In contemporary filmmaking, the camera trick known as the 'trombone' shot is widely overused and rarely achieved correctly. Originally conceived by the master of suspense, Alfred Hitchcock, in his film Vertigo, it was 'stolen' by Steven Spielberg for Jaws. (It is used when Police Chief Brody is sitting on the beach and spots an ominous black fin poking from the water, close to swimming children.) Thereafter, it became known as the 'Spielberg shot'. This was not so much a planned attempt by Spielberg to name a technique after himself, but more due to the success of Jaws and the timing of the effect in the film: everyone talked about it and the movie, which gave birth to the term.
The Mechanics of the Shot
The combined use of a zoom, focus and track, timed perfectly, will produce this effect or optical illusion. Individually, zooming and tracking are difficult enough manoeuvres on their own.
A zoom is where the camera and subject stay still and a special lens 'zooms' into the subject from a distance, effectively closing the gap between the audience and the action without having to physically pick up the camera. The only problem with a zoom is that it looks unnatural, as it relies on the optical capabilities of the camera and lens to produce the illusion of moving closer to a subject, effectively magnifying it. If you watch closely, you'll see the background to the subject of a zoom will not alter perspective, and the relative positions and sizes of anything in the image will remain the same.
Comparatively, a tracking shot is where the camera is moved closer to the subject through the use of a track and dolly. The track is simply that: track - not unlike the rails a train runs on - but more lightweight, portable (in some cases collapsible)1 and can be made from metal or plastic. A dolly is the carriage that runs on such a track, but unlike a passenger train carriage this is a specially designed platform with coasters or wheels on each corner. It also has a seat and mechanism on top, designed to mount and secure a film camera and its operator. There are many types and variations of track and dolly in contemporary filmmaking, but in Hitchcock's days the tracks were usually metal and most mounts were suitable for one or two types of film camera.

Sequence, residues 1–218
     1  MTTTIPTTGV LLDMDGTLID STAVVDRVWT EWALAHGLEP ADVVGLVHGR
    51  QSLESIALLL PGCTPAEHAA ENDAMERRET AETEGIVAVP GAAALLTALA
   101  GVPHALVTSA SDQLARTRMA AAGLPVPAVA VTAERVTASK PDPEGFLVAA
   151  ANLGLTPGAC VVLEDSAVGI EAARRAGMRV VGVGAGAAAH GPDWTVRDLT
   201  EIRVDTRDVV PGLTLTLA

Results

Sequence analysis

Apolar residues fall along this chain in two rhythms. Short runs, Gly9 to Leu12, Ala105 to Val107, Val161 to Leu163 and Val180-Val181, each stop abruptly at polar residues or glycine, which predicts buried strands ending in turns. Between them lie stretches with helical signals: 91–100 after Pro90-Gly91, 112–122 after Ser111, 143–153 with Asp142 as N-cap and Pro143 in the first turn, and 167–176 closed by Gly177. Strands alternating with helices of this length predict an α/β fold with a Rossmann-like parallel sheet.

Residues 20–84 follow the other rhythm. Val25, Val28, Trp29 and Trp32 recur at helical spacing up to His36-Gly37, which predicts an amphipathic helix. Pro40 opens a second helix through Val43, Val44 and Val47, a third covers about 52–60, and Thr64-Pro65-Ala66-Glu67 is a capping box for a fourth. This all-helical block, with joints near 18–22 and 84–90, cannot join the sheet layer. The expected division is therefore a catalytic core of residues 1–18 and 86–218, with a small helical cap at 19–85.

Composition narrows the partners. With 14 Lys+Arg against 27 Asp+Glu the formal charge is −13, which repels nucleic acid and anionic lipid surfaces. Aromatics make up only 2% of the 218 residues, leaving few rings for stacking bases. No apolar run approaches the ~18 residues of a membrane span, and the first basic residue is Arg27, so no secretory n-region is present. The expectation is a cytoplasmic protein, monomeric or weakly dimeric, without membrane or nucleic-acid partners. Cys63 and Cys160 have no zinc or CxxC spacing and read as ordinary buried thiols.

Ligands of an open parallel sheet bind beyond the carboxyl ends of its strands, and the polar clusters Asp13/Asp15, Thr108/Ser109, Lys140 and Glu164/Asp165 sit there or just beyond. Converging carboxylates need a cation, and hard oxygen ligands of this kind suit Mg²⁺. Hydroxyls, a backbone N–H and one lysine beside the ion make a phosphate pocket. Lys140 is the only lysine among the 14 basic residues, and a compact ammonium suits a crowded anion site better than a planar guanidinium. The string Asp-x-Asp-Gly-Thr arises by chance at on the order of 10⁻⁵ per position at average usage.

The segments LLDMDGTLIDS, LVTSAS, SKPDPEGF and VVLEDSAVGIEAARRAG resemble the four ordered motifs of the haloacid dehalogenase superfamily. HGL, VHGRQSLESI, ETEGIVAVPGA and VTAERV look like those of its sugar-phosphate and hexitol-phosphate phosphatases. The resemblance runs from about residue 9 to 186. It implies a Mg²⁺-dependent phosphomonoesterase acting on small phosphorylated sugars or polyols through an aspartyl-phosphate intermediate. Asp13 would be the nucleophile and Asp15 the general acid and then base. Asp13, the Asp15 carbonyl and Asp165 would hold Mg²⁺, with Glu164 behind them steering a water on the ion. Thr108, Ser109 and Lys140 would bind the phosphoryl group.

The subject was generally situated at the far end of the track, and the director (or sometimes the cinematographer) would sit on the dolly with a camera mounted on it while a number of crew, called grips would push the platform or dolly along the track towards the subject. This had the effect of allowing the audience to move closer to the subject and the camera to make better use of lenses for effect. Unlike a zoom, the perspective of the background did change with a tracking shot, as the camera was physically moved closer to the subject.
The trombone shot is, therefore, a combination of the two techniques above, coupled with the added difficulty of keeping focus.
With the camera mounted on a track and dolly, and the subject stood still, the camera begins to zoom in on the subject as it is pulled backwards on the track, all the while maintaining perfect focus on the subject. At a pre-determined spot the camera stops zooming, the grips stop tracking back and the focus puller stops rotating the focus ring. The difficulty is getting the speeds of the backwards-track and the zoom-in to match enough to create the effect, which is for the background to deepen in perspective (stretch, or drop away) while the subject remains the same size in frame.
The reverse of this - to track in and zoom out - can be just as impressive, drawing the background in and effectively closing the gap between the subject (a character or object) and its background.